‘Baby’ Volvo is certain to appeal to country enthusiasts
WHAT is behind many motorists’ apparent long-time love affair with all things 4x4 — from cars fitted with all-wheel drive
WHAT is behind many motorists’ apparent long-time love affair with all things 4x4 — from cars fitted with all-wheel drive to those kitted out and actually capable of crossing a desert but unlikely ever to attempt the experience?
It is a given that most car owners today will never venture off-road. The majority anyway live in towns and cities and not in rural areas.
So why has there been this obsession with cars that are equipped for all-terrain, off-road driving or at the very least for making short work of country lanes and by-ways?
I was prompted to think of this after taking this week’s test car, a Volvo V40 T5 Cross Country SE Lux Nav AWD (All Wheel Drive), for some rural rides around Gloucestershire.
Don’t get me wrong, the Volvo V40 is an accomplished, small family car and I welcomed it as a successful new model when I drove it earlier this year.
But somehow this V40 Cross Country version is a different proposition. For my taste, it does not quite have the lightness of touch I found so appealing on that first V40 drive. Nevertheless I can see it will be a must-buy for those who would prefer to be seen in the V40’s country cousin and probably make good use of this tough little cookie. And its powerful 2497cc engine is right for the job.
My brother-in-law has an older Volvo V70 cross-country and on an outing in the spring to Scotland the V70 acquitted itself well on mixed-terrain roads. Actually, there are by-ways in the Highlands that present a constant challenge to a car with normal two-wheel drive and accompanying suspension and grip. So having the cross-country version in this instance paid off.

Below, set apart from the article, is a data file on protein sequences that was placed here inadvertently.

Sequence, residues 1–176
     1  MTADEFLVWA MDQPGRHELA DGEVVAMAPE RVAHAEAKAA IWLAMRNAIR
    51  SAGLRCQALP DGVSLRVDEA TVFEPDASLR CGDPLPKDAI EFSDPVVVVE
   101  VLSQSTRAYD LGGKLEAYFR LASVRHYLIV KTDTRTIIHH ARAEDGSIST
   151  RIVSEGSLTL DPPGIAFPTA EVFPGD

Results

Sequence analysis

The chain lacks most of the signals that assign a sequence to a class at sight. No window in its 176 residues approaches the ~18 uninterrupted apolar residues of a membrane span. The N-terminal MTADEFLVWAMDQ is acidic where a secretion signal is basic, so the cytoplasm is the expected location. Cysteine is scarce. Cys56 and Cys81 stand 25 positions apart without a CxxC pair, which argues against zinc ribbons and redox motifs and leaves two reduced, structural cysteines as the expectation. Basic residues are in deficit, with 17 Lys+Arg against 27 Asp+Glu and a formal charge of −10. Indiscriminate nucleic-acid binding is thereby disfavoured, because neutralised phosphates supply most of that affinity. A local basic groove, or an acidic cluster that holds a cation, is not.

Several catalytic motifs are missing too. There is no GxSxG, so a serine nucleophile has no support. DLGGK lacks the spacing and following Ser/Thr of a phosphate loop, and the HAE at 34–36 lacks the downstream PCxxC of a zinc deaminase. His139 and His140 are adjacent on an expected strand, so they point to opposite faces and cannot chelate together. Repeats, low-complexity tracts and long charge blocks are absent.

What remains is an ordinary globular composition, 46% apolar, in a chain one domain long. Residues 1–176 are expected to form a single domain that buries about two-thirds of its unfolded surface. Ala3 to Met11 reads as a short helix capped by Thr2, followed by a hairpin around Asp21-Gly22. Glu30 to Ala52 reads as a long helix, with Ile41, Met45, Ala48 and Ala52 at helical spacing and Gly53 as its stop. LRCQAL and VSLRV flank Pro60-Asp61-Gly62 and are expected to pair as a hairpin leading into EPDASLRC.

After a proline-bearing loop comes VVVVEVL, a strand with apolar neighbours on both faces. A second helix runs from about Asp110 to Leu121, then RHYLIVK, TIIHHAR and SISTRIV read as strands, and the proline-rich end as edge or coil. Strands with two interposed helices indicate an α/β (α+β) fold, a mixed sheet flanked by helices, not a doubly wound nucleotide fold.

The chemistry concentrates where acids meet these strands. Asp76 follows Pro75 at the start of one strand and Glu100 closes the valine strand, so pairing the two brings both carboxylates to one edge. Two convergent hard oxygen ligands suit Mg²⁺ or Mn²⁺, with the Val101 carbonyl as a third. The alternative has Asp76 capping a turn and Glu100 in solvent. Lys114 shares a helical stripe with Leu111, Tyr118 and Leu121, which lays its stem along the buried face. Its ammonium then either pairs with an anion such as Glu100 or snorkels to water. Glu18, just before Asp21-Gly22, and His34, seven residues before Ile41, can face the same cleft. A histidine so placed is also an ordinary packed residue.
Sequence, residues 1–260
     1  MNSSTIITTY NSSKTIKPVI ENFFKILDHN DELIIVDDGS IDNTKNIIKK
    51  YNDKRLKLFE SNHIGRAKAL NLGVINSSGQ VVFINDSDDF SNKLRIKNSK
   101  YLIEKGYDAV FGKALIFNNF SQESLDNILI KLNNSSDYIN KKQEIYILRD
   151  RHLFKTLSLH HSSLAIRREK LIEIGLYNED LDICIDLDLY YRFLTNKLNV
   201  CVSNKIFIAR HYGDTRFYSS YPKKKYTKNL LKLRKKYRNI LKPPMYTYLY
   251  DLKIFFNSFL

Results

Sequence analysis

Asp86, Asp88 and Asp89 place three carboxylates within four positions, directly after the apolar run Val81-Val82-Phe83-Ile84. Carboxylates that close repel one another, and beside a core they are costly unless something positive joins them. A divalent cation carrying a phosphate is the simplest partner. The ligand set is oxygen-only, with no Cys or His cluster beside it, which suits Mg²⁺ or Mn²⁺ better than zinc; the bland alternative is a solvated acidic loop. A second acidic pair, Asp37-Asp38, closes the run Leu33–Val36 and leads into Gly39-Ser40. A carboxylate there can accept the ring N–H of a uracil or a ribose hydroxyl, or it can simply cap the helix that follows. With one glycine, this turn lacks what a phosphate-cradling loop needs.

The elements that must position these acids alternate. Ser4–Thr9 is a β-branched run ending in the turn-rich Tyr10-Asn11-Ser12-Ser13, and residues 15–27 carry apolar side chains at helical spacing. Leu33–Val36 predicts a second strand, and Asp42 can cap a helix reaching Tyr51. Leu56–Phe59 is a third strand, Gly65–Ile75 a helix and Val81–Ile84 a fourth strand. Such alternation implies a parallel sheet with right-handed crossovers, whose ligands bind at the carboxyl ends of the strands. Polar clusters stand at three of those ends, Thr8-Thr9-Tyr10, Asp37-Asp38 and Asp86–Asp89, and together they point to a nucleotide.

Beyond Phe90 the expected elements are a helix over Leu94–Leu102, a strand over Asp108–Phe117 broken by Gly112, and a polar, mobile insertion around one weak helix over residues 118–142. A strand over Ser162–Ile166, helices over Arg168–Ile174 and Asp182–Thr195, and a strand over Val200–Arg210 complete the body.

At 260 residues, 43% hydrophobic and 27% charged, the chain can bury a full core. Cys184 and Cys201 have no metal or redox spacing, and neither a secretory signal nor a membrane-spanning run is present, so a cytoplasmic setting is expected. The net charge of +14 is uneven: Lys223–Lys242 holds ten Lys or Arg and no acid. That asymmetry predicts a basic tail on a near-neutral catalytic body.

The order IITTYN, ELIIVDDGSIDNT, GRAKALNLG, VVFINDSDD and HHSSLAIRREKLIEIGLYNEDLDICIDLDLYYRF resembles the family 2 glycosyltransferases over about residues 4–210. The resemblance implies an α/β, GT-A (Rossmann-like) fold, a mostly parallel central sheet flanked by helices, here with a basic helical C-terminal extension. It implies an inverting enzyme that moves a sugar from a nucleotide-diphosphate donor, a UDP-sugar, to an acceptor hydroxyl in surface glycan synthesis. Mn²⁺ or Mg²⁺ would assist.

And of course the snowy winters we have seen in Britain in recent years add another reason for buying an AWD car.
I suspect that it is the rugged, country-style “look” that appeals to motorists when buying such a car. We all know the “county set” with their gymkhanas and pursuance of country sports, such as shooting and fishing, love their 4x4s and probably would not be seen in anything else. And to those who think such cars might be a tad unnecessary, I would say that at the end of the day cars are so much about personal choice and not much else. You could spend a good few hours trying to dissuade a friend from buying a certain make or type of vehicle but ultimately if their mind is made up that will rule the day.
There is no doubt that the V40 T5 Cross Country AWD, like just about all the new models of Volvo cars, is a good car and will not disappoint those who want this “baby” Volvo with all the expected attributes that the Swedish marque is famous for. Its high ride and bigger wheels are there to take on those rural road trips.
The test car was packed with goodies. Some of these come at a premium. Your basic on-the-road price for this model was £33,875 but with additional options and accessories added this brings this neat, muscular little car up and over the £40,000 mark.
But if you want the AWD Cross Country version of the V40 and want some additional goodies then, for example, the Driver Support pack will cost you £1,850, Park Assist Pilot £850 and Premium Sound Multimedia another £800.
It may be that a Volvo can be for life, and newer versions do nothing to dispel that legend: a welcome lightness of touch is paramount now and was missing in earlier models.
The V40 is no exception. There will be those who love the cross-country, rural ruggedness of the AWD version: my favourite is still the excellent V40 family car model and with the diesel versions you get better economy.
But as always with cars, you pays your money and takes your choice.